Determining an arm’s length charge for intra-group services provided
Once it has been determined which of the activities performed qualify as intra-group services, it is necessary to consider what an arm’s length charge for the intra-group services provided, would be. An arm’s length charge should be the charge which would have been made and accepted between independent enterprises in comparable circumstances.
In trying to determine the arm’s length price in relation to intra-group services, the matter should be considered both from the perspective of the service provider and from the perspective of the recipient of the service. In this respect, relevant considerations include the value of the service to the recipient, and how much a comparable independent enterprise would be prepared to pay for that service in comparable circumstances, as well as the costs to the service provider.
In most instances, the cost plus method is regarded as the most appropriate transfer pricing method in determining an arm’s length charge for intra-group services, and the mark up to be applied is determined through benchmarking the margins achieved by comparable third party service providers. Such benchmarking is generally conducted on databases such as Bureau van Dijk’s ORBIS or AMADEUS, or Thomson Reuters’ ONESOURCE, either on a gross margin basis applying the cost plus method, or on a net margin basis applying the transactional net margin basis (“TNMM”).
Low value-adding intra-group services
The OECD also recently issued draft guidance on low value-adding intra-group services providing, inter alia, that in respect of services qualifying as low value-adding intra-group services as defined by the OECD, no further benchmarking of the intra-group charge would be required and an uniform mark up of between 2% and 5% would be acceptable. According to the OECD, services that are likely to be seen as low value-adding intra-group services, are services which:
- are of a supportive nature;
- are not part of the core business of the multi-national enterprise group;
- do not require the use of unique and valuable intangibles and do not lead to the creation of unique and valuable intangibles; and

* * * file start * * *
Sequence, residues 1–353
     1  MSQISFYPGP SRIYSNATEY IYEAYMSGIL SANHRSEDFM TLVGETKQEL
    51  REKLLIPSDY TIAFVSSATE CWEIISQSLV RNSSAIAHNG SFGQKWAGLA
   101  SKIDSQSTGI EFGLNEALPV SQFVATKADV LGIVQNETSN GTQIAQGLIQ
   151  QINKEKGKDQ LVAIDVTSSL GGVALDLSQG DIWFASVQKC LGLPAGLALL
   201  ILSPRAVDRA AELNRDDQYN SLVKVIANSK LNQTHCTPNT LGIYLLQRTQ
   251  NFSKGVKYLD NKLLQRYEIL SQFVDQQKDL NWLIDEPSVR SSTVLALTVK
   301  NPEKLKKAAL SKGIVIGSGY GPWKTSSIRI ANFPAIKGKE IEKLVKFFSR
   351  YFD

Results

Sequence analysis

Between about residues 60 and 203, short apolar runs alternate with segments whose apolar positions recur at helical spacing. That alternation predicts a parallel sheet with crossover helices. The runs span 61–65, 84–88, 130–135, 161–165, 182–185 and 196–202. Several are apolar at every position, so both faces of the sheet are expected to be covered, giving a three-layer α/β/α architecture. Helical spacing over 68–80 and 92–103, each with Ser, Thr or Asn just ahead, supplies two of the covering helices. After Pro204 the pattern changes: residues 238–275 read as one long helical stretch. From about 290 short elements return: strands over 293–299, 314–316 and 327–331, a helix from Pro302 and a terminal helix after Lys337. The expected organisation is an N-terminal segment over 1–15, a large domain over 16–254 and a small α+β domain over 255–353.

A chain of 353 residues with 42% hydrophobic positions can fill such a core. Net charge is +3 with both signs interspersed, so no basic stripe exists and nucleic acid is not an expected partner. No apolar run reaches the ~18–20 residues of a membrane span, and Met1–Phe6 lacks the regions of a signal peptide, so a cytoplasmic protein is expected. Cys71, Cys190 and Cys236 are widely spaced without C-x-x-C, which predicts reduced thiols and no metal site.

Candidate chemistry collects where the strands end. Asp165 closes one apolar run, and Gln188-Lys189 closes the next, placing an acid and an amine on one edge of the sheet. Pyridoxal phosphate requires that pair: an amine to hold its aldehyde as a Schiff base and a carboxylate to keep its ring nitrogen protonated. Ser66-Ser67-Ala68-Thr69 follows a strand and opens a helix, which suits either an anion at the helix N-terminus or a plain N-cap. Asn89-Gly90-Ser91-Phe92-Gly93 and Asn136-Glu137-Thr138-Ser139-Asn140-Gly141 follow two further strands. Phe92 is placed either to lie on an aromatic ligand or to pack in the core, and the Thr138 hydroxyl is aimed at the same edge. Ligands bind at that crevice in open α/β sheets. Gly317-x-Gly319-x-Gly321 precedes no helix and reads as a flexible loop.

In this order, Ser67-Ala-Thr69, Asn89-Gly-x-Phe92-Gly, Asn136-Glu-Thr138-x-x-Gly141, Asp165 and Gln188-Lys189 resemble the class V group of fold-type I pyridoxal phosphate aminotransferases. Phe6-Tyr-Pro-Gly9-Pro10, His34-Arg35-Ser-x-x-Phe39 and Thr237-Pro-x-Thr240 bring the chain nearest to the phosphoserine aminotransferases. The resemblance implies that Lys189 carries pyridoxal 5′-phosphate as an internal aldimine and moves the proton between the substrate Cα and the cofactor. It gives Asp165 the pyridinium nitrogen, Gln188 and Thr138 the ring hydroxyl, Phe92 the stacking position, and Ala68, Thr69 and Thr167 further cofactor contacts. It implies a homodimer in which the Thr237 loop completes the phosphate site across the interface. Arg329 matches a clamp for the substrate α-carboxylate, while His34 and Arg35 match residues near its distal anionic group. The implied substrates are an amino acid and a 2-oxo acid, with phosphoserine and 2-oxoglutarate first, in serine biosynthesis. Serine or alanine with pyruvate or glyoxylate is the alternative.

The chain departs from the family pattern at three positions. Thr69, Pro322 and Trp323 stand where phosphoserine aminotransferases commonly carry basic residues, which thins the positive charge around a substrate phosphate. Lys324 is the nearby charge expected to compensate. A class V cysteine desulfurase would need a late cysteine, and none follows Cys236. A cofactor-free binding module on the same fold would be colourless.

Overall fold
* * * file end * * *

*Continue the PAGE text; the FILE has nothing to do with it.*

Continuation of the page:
- do not involve the assumption or control of substantial or significant risk and do not give rise to the creation of significant risk.
The benefit of this proposed approach is that no expensive benchmarking would be required. However, these services are narrowly defined, and many typical head office services may not fall within these categories. It would therefore still be important to evaluate the head office services provided in detail in order to determine whether same could potentially qualify as so-called low value-adding intra-group services.
It is also unclear whether SARS will follow this guidance, as SARS seems to have indicated that it is not in favour of safe harbours, as can be seen in the Draft Interpretation Note on Thin Capitalisation.
Value-added tax (“VAT”)
South Africa applies a reverse VAT mechanism in respect of the supply of imported services. The VAT liability is on the recipient of the imported services. “Imported services” is defined as a supply of services that is made by a supplier who is resident or carries on business outside of South Africa to a recipient who is a resident of South Africa, to the extent that such services are utilized or consumed in South Africa otherwise than for the purpose of making taxable supplies.
Subject to certain exceptions provided for in the VAT Act, it is therefore only services that are imported wholly or partly for private, exempt or other non-taxable purposes that are subject to the reverse VAT charge.
Exchange control rules applicable to cross border service arrangements
Essentially, payments by South African exchange control residents of service fees to non-resident related parties require prior approval from the Financial Surveillance Department of the South African Reserve Bank (“SARB”).
This means that a formal application requesting approval for such service fees needs to be prepared and submitted to the SARB for approval. Based on our experience, the SARB generally approves such applications provided, inter alia, the fees are considered to be market-related.
In the context of service fees paid by South African exchange control residents to non-resident unrelated parties, Authorised Dealers (i.e. most commercial banks) may approve applications by resident entities requesting to make payments in respect of consultancy, management and service agreements entered into with non-residents provided that, inter alia, certain requirements are met. These include:
- Authorised Dealers must view, where applicable, the agreement entered into between the parties;
- The non-resident service provider must be an unrelated party i.e. none of the parties have a direct or indirect interest of shareholding in each other;
- The fees to be paid, are based on fixed or actual costs incurred plus, where applicable, a profit margin of up to 10%. It is noted that where fees are calculated on a percentage of turnover or minimum payments need to be effected, an application to the SARB is required in respect thereof;
- The application must be accompanied by documentary evidence confirming the purpose and amount payable.